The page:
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Payroll Compliance: Lessons from BHP’s $280M Mistake

Mining giant BHP recently admitted to underpaying 29,000 of its Australian workers for leave and other entitlements over a 13-year period, to the tune of $430million (US$280M) before tax.

At first glance, this seems like a massive amount of money, and raises concerns about how employees are treated. While not condoning BHP's mistakes, there is more to this issue than the media's sensational headlines have suggested.

BHP’s $280 Million-Dollar Mistake

To put it in perspective, BHP's 2022 revenue was $65 billion. The $280 million underpayment is less than 0.5% of that; significant, but not huge relative to the miner’s overall operations.

Understanding the scale and perspective

It’s unlikely that anyone at BHP was sacked as a result of this underpayment. In many large organisations, subtle errors in HR or legal changes occur without any bad intent or malice. When these errors are extended over many employees and several months or years, they can accumulate into a significant figure.

Immediate action steps for businesses

If underpayments are discovered in a business, the following steps should be taken:

  • Disclose the issue immediately: Transparency is key to resolving the problem through the appropriate channels.
  • Consult the right experts: Speak to a professional to understand the full extent of the issue and how to address it.
  • Communicate effectively: Develop a plan to inform the relevant parties, whether employees or management, to resolve the matter promptly.

Practical realities of business operations

Many businesses inadvertently underpay their employees. Often, this is not due to intentional wrongdoing but rather administrative oversights, such as issues with payment portals. Superannuation is a common area where underpayments can occur.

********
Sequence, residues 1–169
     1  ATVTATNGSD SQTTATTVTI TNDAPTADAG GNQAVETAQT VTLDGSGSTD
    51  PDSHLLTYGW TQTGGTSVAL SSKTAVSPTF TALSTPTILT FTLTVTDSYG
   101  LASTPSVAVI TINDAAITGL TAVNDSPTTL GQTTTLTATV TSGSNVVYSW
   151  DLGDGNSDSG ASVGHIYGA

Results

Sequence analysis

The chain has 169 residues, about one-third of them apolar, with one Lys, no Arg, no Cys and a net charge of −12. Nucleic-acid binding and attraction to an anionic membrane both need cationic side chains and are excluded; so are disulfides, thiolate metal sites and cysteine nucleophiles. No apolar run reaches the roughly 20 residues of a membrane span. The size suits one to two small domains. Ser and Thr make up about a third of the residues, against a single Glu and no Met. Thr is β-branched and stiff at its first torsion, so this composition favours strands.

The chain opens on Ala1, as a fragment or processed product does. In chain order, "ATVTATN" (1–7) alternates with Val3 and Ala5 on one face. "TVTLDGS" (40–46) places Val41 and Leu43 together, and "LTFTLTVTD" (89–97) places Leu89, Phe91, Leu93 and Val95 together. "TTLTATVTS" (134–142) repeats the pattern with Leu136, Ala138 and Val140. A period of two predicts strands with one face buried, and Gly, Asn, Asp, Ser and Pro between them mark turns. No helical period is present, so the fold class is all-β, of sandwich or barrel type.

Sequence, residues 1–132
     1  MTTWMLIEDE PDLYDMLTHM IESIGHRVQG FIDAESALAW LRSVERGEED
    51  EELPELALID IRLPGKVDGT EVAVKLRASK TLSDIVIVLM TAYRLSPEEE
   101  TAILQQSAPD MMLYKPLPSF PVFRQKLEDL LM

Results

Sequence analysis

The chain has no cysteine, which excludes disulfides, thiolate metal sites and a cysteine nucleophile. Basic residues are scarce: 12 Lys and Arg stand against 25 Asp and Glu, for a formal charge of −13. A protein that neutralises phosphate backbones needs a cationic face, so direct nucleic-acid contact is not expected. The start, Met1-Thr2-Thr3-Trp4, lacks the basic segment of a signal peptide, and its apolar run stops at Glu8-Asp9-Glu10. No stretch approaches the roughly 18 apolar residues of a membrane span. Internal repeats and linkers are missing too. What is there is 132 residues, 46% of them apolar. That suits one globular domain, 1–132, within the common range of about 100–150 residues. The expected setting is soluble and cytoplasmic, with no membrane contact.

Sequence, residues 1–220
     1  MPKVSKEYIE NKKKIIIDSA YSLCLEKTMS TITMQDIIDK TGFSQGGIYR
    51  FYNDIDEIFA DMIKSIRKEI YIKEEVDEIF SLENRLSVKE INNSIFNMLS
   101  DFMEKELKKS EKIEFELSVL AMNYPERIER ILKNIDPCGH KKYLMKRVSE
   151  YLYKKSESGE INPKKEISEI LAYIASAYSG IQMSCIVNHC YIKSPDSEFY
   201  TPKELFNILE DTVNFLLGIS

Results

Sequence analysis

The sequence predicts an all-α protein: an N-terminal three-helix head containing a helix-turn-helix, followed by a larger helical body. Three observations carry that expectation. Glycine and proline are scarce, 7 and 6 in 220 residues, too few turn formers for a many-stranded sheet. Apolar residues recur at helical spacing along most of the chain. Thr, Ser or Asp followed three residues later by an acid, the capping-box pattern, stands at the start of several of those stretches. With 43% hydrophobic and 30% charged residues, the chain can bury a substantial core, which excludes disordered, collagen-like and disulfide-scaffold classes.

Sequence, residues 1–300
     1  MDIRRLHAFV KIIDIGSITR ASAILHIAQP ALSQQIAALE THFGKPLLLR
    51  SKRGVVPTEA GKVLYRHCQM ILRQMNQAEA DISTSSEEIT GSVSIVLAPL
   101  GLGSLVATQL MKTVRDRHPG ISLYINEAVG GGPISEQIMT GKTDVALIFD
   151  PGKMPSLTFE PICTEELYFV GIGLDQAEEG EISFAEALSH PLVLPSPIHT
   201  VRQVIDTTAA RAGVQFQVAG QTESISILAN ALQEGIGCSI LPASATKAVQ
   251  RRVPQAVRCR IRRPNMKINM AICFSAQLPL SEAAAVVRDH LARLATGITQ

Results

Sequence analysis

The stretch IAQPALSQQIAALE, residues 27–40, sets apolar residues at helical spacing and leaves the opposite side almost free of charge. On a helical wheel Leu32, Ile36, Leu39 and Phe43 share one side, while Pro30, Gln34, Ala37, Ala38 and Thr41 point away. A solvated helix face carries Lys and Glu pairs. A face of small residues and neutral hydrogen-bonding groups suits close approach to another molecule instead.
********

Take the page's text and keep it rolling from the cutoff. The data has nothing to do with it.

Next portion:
While not condoning these errors, it is important to recognise that such issues can happen throughout the life of a business. The key is to identify and rectify these errors promptly.

The role of payroll compliance and virtual CFO services

Ensuring payroll compliance is crucial to avoid discrepancies and underpayments. A good CFO or virtual CFO can provide the oversight and expertise needed to maintain compliance. They can implement robust payroll audit processes to catch discrepancies early and address them before they become significant problems.

The real impact and media sensation

The $280 million underpayment by BHP is substantial. However, relative to the size of their operations, it is understandable that such issues can arise. This makes for a sensational headline, capturing public interest. For shareholders, this might not be a major concern. Instead, it could present an opportunity if the share price dips temporarily.

Key takeaways for business owners

  • Stay on top of HR and legal requirements: Regularly review payment practices to ensure compliance and prevent small errors from compounding into significant issues.
  • Implement robust auditing processes: Regular audits can help catch discrepancies early and address them before they become major problems.
  • Maintain open communication: Keeping lines of communication open with employees and management can help resolve issues swiftly and maintain trust.
  • Utilise virtual CFO services: A virtual CFO can provide the expertise and oversight necessary to prevent payroll discrepancies due to administrative errors and overlooked small errors leading to significant problems.